• Portfolio size and diversification: The size and diversification of the finance provider’s other investments should be considered. A small portfolio with only a handful of investments or over-concentration of capital in any one area (law firm, defendant, jurisdiction, claim type, etc.) makes the finance provider an inherently riskier partner when one large or several smaller losses can lead to the failure of the funder.
  • Ability to conduct investment diligence in-house: Law firms and clients should be cautious about finance providers that must outsource their diligence of client matters. First, outside lawyers looking at matters on a one-off basis cannot match the expertise of lawyers who review litigations for investment every day.. Second, outside counsel review slows down the diligence process—and exposes clients’ matters to potential law firm competitors.
  • Value-add: Although Burford is a passive investor, we provide feedback on investment throughout the underwriting process and as we monitor the matters in our investment portfolio. Some finance providers treat this as merely perfunctory and transactional. Burford’s team offers a value-add that many of our clients and law firms actively seek out. When invited to play that role, we add value to clients and help law firms reinforce theirs.

Talking to clients about legal finance positions law firms as better partners

Clients expect their law firms to help them innovate—and indeed clients’ reported need for innovation from outside counsel increased 105 percent year-over-year, according to Burford research. Proactively educating clients about legal finance is an important step law firms can take to provide that innovation and demonstrate real partnership. Helping clients understand the opportunity it presents not only demonstrates law firms’ sensitivity to clients’ business needs but may also position law firms to pitch new business with the client.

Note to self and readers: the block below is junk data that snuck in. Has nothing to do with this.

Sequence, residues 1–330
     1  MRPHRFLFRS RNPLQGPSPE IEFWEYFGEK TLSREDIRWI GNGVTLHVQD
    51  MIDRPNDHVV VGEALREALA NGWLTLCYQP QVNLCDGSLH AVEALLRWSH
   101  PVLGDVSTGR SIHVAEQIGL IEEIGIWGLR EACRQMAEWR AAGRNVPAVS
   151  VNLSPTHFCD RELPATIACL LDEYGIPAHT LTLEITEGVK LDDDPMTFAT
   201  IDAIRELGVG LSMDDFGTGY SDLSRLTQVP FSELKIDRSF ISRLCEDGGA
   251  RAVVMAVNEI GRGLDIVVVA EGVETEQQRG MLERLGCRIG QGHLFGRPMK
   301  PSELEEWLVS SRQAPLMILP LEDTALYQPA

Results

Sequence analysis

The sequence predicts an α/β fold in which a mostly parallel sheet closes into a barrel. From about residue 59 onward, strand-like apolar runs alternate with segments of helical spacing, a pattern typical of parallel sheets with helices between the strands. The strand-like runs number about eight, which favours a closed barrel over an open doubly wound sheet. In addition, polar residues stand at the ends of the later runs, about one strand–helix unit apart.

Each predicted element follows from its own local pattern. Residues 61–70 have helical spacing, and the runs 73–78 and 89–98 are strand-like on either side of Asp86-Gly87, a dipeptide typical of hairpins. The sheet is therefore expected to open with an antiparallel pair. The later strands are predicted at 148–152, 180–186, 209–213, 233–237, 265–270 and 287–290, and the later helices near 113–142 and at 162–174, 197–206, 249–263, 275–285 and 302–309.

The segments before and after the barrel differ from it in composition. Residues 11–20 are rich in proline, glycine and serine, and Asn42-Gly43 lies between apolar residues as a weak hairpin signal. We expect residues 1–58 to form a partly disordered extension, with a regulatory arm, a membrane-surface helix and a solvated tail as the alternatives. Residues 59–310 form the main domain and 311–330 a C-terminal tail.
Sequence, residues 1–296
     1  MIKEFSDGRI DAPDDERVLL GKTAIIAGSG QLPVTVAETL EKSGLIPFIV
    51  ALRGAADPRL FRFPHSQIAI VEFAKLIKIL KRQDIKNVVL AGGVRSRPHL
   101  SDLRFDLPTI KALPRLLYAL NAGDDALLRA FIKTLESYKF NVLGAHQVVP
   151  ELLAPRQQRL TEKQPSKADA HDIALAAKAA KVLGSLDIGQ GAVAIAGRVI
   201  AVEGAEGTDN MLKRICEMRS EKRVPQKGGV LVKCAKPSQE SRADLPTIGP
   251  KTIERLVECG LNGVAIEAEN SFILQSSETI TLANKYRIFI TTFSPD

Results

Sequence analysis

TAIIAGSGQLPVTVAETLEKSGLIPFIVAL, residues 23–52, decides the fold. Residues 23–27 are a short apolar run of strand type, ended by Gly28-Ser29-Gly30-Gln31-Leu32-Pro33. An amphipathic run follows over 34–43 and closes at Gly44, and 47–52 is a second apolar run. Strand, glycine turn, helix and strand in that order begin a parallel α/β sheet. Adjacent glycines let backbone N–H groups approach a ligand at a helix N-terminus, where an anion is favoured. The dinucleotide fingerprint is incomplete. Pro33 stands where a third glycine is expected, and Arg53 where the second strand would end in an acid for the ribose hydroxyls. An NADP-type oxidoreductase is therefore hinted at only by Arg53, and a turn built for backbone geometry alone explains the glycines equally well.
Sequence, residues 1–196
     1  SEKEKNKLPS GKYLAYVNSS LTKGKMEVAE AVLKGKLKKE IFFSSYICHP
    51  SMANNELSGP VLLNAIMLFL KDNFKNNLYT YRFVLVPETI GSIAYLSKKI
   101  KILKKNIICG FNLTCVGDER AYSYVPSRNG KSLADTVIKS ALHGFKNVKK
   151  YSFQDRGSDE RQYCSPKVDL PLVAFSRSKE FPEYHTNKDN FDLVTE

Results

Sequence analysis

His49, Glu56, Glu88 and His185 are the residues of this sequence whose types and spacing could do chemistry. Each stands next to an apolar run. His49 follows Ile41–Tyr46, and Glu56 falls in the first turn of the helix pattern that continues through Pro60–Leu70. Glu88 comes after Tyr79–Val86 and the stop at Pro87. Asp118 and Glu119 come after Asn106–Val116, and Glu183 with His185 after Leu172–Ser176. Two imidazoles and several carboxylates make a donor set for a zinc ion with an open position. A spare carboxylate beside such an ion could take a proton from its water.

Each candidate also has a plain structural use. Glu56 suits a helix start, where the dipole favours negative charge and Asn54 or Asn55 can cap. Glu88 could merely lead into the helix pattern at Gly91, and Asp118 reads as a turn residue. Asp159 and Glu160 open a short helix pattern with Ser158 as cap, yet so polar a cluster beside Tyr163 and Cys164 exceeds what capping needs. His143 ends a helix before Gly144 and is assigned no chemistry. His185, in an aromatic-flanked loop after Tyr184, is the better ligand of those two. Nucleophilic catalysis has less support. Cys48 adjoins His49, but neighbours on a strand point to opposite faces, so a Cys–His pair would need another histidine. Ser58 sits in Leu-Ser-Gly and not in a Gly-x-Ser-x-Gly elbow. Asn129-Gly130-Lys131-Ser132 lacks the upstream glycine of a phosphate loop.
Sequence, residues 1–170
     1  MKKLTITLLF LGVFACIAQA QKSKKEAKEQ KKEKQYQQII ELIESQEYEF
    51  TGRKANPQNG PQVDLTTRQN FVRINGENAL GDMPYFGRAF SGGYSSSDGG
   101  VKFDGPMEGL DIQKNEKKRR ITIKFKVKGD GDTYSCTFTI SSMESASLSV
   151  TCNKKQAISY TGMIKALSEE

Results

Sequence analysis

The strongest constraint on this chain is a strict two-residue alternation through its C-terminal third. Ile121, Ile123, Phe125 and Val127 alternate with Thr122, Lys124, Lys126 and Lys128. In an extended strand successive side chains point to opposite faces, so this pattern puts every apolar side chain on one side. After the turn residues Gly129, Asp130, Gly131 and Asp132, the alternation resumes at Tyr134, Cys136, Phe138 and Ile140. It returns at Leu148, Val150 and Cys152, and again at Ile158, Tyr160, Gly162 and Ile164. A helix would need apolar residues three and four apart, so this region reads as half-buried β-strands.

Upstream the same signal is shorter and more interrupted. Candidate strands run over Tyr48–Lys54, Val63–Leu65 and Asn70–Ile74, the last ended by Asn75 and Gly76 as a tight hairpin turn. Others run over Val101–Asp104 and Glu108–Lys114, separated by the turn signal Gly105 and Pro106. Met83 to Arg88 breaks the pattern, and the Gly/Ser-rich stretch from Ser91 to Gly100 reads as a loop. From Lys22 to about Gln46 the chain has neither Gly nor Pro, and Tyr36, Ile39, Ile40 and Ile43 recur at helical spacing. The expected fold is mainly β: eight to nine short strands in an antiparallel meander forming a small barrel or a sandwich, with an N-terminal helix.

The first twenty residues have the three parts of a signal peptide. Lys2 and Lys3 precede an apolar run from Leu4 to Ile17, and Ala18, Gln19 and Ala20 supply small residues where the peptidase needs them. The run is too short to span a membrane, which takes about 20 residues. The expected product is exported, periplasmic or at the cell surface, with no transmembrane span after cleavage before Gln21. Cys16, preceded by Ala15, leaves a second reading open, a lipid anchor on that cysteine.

Burford regularly helps law firms start the conversation about legal finance with their clients, and we encourage law firm lawyers to contact us about our Legal Finance Education Toolkit.

Getting buy-in for legal finance in the C-suite

Clients whose organizations haven’t used legal finance may need help getting buy-in to try something new. Law firms can help their in-house clients sell legal finance to the C-suite by pointing out:

  • “Your peer companies use it.” Over a decade in business, Burford has provided financing to companies of all sizes and industries, from startups to the Fortune 50.
  • “It recession-proofs the legal budget.” With the threat of economic uncertainty on the horizon, most companies are hesitant to increase their legal budgets, and very few have any fat left to cut. Legal finance changes that conversation.
  • “It turns your ‘legal paper’ into money.” Most companies have unenforced judgments worth millions in unrealized value. Burford (alone among finance providers) has an in-house team focused on judgment enforcement and can finance the recovery of these assets.

“CFOs and CEOs will value this tool.” Legal finance creates certainty around legal spend and resources, which is otherwise almost impossible to achieve given the high cost and inherent unpredictability of commercial disputes